All posts by Dr. Dani Rodrik

Dr. Dani Rodrik is the Rafiq Hariri Professor of International Political Economy at the John F. Kennedy School of Government, Harvard University. He has published widely in the areas of international economics, economic development, and political economy

Innovation Is Not Enough

Rodrik-e1357149035508Dr. Dani Rodrik  is the Ford Foundation Professor of International Political Economy at the Harvard Kennedy School. He has published widely in the areas of international economics, economic development, and political economy.

We seem to be living in an accelerated age of revolutionary technological breakthroughs. Barely a day passes without the announcement of some major new development in artificial intelligence, biotechnology, digitization, or automation. Yet those who are supposed to know where it is all taking us can’t make up their minds.

At one end of the spectrum are the techno-optimists, who believe we are on the cusp of a new era in which the world’s living standards will rise more rapidly than ever. At the other end are the techno-pessimists, who see disappointing productivity statistics and argue that the new technologies’ economy-wide benefits will remain limited. Then there are those – the techno-worriers? – who agree with the optimists about the scale and scope of innovation but fret about the adverse implications for employment or equity.

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Greek Elections, Democracy, Political Trilemma, and all that

Rodrik-e1357149035508

Dr. Dani Rodrik is the Rafiq Hariri Professor of International Political Economy at the John F. Kennedy School of Government, Harvard University. He has published widely in the areas of international economics, economic development, and political economy.

Consider the following scenario. After a victory by the left-wing Syriza party, Greece’s new government announces that it wants to renegotiate the terms of its agreement with the International Monetary Fund and the European Union. German Chancellor Angela Merkel sticks to her guns and says that Greece must abide by the existing conditions.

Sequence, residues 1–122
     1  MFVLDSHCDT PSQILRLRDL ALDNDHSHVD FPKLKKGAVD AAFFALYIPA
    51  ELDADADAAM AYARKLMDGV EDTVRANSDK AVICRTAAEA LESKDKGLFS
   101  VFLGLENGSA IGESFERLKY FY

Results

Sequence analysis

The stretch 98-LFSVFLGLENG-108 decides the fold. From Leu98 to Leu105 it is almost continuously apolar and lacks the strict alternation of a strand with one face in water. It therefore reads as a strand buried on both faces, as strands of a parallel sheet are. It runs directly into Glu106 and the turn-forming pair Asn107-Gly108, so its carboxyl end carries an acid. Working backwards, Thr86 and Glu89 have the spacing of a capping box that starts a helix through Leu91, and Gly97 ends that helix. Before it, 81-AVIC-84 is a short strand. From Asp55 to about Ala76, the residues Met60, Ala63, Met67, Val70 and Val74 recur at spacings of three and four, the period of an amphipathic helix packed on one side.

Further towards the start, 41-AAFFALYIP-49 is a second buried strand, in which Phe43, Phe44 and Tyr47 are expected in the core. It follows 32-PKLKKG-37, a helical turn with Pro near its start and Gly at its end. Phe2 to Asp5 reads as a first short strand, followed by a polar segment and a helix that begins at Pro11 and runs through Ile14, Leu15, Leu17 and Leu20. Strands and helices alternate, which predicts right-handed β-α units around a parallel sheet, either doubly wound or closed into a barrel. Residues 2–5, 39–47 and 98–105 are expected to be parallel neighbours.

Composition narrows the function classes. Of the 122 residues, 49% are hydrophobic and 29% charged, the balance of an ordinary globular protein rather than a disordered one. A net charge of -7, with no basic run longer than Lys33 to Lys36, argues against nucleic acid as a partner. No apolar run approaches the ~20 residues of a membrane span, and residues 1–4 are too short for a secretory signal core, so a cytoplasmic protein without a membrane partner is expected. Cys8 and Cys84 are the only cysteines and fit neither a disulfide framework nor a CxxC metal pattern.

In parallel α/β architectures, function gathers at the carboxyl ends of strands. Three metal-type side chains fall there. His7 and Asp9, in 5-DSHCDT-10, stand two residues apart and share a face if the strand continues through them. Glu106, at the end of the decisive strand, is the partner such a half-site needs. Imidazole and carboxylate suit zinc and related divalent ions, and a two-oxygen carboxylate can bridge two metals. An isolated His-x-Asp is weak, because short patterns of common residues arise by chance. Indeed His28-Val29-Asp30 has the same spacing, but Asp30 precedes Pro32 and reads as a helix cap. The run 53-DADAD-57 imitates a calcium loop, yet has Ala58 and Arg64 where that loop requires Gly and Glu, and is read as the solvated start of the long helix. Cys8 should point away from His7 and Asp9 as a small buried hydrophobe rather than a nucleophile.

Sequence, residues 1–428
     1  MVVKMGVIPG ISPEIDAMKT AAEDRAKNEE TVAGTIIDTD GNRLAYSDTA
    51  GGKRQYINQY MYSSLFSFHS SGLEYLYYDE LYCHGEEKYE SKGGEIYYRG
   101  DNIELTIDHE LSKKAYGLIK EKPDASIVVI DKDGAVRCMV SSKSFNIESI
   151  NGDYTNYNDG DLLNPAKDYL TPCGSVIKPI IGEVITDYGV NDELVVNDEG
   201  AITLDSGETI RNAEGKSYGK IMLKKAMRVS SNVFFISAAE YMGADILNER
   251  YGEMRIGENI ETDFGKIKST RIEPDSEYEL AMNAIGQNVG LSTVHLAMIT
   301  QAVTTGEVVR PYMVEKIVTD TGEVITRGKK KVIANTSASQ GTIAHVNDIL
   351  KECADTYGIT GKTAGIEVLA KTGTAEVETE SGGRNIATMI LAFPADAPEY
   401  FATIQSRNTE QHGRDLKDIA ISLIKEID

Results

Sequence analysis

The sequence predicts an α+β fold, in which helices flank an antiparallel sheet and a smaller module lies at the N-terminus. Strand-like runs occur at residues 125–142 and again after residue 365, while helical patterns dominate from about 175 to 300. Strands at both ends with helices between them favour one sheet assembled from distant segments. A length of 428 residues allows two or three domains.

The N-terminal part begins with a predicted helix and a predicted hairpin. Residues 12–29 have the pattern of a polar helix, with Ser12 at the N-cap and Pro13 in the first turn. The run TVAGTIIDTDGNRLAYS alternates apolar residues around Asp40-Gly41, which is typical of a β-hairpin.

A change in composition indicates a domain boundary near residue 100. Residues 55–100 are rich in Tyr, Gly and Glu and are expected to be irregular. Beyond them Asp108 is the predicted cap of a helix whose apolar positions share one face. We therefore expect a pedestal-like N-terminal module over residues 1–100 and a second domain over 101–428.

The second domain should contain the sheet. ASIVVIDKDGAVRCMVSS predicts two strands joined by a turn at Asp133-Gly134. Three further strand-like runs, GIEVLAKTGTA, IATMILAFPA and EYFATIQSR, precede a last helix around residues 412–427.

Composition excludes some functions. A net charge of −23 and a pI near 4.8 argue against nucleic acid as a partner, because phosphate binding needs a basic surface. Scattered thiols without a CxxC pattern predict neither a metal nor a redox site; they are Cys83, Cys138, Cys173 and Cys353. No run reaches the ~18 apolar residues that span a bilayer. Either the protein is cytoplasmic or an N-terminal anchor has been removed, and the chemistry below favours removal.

Fearing that a financial collapse is imminent, Greek depositors rush for the exit. This time, the European Central Bank refuses to come to the rescue and Greek banks are starved of cash. The Greek government institutes capital controls and is ultimately forced to issue drachmas in order to supply domestic liquidity.

With Greece out of the eurozone, all eyes turn to Spain. Germany and others are at first adamant that they will do whatever it takes to prevent a similar bank run there. The Spanish government announces additional fiscal cuts and structural reforms. Bolstered by funds from the European Stability Mechanism, Spain remains financially afloat for several months.

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Good And Bad Inequality

Rodrik-e1357149035508Dr. Dani Rodrik is the Rafiq Hariri Professor of International Political Economy at the John F. Kennedy School of Government, Harvard University. He has published widely in the areas of international economics, economic development, and political economy.

In the pantheon of economic theories, the tradeoff between equality and efficiency used to occupy an exalted position. The American economist Arthur Okun, whose classic work on the topic is called Equality and Efficiency: The Big Tradeoff, believed that public policies revolved around managing the tension between those two values. As recently as 2007, when New York University economist Thomas Sargent, addressing the graduating class at the University of California, Berkeley, summarized the wisdom of economics in 12 short principles, the tradeoff was among them.